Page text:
“I’m probably just going to have a little more free time than I’ve had,” Cindy says. “I retired from teaching in 2008 and worked here part time. The Dairy Bar demands far more of my time in the summer, because there’s more payroll and invoices than the bowling alley does, but I don’t know. Brooke has a college education. I would like to see her use that.”

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“I’m excited and scared at the same time,” Brooke says, sitting at the front desk, looking around. “I’ve lived within these four walls and the four walls across the parking lot for a big part of my life. I don’t have much of a life, because it’s been the business. And as scary as it is, it’s exciting to know I can have a different future. I don’t know what I’m going to do. And everyone keeps saying, ‘What are you going to do?’ I’m scared to death, because I have no idea.”

There have been some nasty messages posted on the Bennington Lanes Facebook page and other social media pages from some in the community who blame Cindy and Brooke for closing the doors on an important piece of Bennington’s social fabric. But both women, while understanding the feelings, don’t think those people understand the tremendous financial pressures and stress they have been under trying in vain to find a buyer who could keep the place going. The business also has given back to the community, supporting several projects and donating time and money. Some people just see that something they care for is disappearing.

“I’ve received, honestly, some mean messages through our Facebook page. People have no problem saying, ‘You have no right to sell the bowling alley,’ that ‘You’re taking away our only entertainment,’ and ‘Because of you, we will see more drug use in our community.’ We were for sale for three years. No local person came in and looked at the business to keep it running. We were very hopeful that somebody locally would come in. I would have done it if they had asked me to stay on and work or help them.”

Cindy smiles when asked about any memories that have stood out over the past 43 years.

“We used to have this telephone booth,” Cindy says. “And the kids, when they were in here with their parents, running around, sometimes their parents wouldn’t be completely paying attention to what they were doing. They’d go into the phone booth and dial 911. We were told that more 911 calls came from the bowling alley than anywhere else in town, to the point where the dispatcher would just call back and go, ‘Are the kids on the phone booth again?’”

Ellie Tracy, 92, has been bowling here for over 30 years. She chatted in-between strikes and high-fives from other seniors on her team on Friday.

“It’s terrible,” she says. “I hope it doesn’t happen. I came here for so long with my husband and my girls.”

She points to one of her daughters, a senior herself, and laughs. When told the last day is a month away, she says, “This has been a big part of my life, being here with friends. It makes me sad. This is important to me, and I suppose a lot of others here.”

Phyllis Cornell has been bowling here since 1978.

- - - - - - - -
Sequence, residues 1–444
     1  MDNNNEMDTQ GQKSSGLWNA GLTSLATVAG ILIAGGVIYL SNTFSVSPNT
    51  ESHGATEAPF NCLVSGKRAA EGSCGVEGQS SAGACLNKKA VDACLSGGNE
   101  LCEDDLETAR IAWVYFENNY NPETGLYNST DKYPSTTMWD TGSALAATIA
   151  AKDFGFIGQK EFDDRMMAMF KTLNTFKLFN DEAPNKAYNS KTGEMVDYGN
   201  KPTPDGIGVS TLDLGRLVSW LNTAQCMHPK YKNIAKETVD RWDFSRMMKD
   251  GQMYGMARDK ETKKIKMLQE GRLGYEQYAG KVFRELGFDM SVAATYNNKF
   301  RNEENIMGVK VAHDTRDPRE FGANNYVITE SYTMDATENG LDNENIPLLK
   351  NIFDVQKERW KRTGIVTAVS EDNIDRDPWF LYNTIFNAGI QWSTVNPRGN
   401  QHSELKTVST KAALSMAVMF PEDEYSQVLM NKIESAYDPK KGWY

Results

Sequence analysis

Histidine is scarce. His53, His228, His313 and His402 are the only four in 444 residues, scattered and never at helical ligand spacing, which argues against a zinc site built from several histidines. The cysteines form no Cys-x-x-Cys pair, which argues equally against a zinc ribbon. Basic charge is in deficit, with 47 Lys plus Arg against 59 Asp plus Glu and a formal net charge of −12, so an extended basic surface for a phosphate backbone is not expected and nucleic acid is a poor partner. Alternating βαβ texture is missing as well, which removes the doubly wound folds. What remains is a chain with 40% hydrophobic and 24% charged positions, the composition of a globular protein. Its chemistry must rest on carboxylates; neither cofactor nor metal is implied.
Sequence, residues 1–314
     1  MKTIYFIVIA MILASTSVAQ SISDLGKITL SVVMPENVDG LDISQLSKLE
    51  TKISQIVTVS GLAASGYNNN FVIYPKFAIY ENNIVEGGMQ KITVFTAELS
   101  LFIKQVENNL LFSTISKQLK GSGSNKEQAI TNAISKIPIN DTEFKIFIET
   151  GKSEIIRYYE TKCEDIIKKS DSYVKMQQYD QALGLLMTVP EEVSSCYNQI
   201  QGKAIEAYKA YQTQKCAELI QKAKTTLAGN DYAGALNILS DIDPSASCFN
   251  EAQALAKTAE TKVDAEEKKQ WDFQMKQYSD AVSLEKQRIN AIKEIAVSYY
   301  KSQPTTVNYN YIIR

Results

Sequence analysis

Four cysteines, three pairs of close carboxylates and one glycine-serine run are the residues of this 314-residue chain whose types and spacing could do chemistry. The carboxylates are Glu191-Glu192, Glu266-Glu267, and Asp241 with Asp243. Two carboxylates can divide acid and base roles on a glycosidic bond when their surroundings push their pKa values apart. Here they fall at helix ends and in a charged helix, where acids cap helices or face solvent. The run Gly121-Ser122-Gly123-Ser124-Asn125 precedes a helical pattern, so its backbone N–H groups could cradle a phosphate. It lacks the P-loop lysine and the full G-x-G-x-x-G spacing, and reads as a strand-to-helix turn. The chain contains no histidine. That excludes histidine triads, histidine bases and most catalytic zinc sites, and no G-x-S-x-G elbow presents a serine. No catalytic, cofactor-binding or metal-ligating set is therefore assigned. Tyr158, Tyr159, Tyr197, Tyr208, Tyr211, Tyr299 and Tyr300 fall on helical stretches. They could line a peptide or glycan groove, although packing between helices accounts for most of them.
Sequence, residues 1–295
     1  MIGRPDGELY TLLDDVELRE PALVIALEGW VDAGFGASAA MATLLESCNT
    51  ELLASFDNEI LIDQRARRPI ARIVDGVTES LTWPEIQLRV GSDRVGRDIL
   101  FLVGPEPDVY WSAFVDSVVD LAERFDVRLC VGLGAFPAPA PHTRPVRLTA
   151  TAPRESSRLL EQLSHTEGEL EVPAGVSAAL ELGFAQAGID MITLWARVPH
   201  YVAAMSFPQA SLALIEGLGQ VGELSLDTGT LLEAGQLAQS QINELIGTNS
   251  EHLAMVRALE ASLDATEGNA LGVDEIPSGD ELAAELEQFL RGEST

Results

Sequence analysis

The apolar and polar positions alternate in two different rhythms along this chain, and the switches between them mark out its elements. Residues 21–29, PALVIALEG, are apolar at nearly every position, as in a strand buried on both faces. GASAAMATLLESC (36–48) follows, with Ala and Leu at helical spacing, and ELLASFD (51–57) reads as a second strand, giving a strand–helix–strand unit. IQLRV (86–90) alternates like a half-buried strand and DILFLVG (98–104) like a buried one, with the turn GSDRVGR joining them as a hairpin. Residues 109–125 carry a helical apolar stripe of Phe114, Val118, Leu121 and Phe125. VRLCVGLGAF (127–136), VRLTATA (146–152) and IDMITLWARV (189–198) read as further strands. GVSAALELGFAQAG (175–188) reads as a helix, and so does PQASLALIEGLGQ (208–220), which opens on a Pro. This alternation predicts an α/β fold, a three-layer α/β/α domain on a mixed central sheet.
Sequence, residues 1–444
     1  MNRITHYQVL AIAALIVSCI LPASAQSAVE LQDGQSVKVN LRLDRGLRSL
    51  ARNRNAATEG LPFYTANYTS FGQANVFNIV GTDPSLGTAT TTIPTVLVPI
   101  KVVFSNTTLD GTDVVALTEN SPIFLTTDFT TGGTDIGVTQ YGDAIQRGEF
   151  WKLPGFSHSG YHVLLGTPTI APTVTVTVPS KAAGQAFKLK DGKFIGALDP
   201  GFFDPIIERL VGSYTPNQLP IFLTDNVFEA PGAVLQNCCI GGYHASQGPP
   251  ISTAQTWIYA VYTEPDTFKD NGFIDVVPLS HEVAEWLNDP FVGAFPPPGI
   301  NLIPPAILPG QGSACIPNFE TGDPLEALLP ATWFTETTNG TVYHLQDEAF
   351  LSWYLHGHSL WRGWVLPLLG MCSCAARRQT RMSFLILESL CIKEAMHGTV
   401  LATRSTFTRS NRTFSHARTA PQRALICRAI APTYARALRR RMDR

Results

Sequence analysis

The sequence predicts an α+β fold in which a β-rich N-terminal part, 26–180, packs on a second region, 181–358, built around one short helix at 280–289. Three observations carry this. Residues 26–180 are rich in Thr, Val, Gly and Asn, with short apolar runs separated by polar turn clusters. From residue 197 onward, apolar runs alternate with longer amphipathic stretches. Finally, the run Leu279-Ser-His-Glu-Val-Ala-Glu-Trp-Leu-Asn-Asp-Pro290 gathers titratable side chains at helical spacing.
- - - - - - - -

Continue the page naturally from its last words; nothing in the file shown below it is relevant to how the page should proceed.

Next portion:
“Oh, my. This has been my life, a lot of good memories here. It’s really the only entertainment in Bennington. It breaks my heart that we’re not going to have it. It’s a community, social between everyone. We laugh together. It just makes you feel good being here. It’s so sad. I’m brokenhearted.”

“I have really good memories here, too,” Brooke says, “just like everyone here. I have great relationships with all groups of people in this community. They see me in Home Depot, they see me in the grocery store, and they have a relationship with me. I can’t remember their names, but I can remember that they always order a small half-and-half with rainbow sprinkles, because I see them, and I remember what they want. I might bring joy to their day because they had a really bad day at work, but they really liked their ice cream cone, which made them feel better. Or the kids came in, and they had a great time. They remember their 12th birthday party, because they had it here. I think we brought a lot of enjoyment to many people in our community. And I hope that is what they remember us for.”

“We’re crying with Bennington,” Brooke says. “We’re not leaving town. We’re not cashing in and leaving. We’re going to be staying and being active members of the community. I think we’re both just exhausted. We’ve both worked really, really hard, ever since my dad died. We’re sad, and we understand. We’re just at a point in the business where, unfortunately, we’re unable to take care of the machines going forward. We’re not selling the business to sell the business. ... A lot of thought has gone into it.”

Brooke and Cindy are both appreciative of the Bennington community.

“I’m very happy with my childhood here,” Brooke says. “I’m appreciative of how everyone has always welcomed me in here. There’s a lot of memories here, but there’s also a whole life out there.”

Bennington Lanes closes its doors for the last time on April 24. The Dairy Bar will open for a brief time later this spring, then close sometime over the summer. If all goes according to plan, the new owners officially close on the business in September.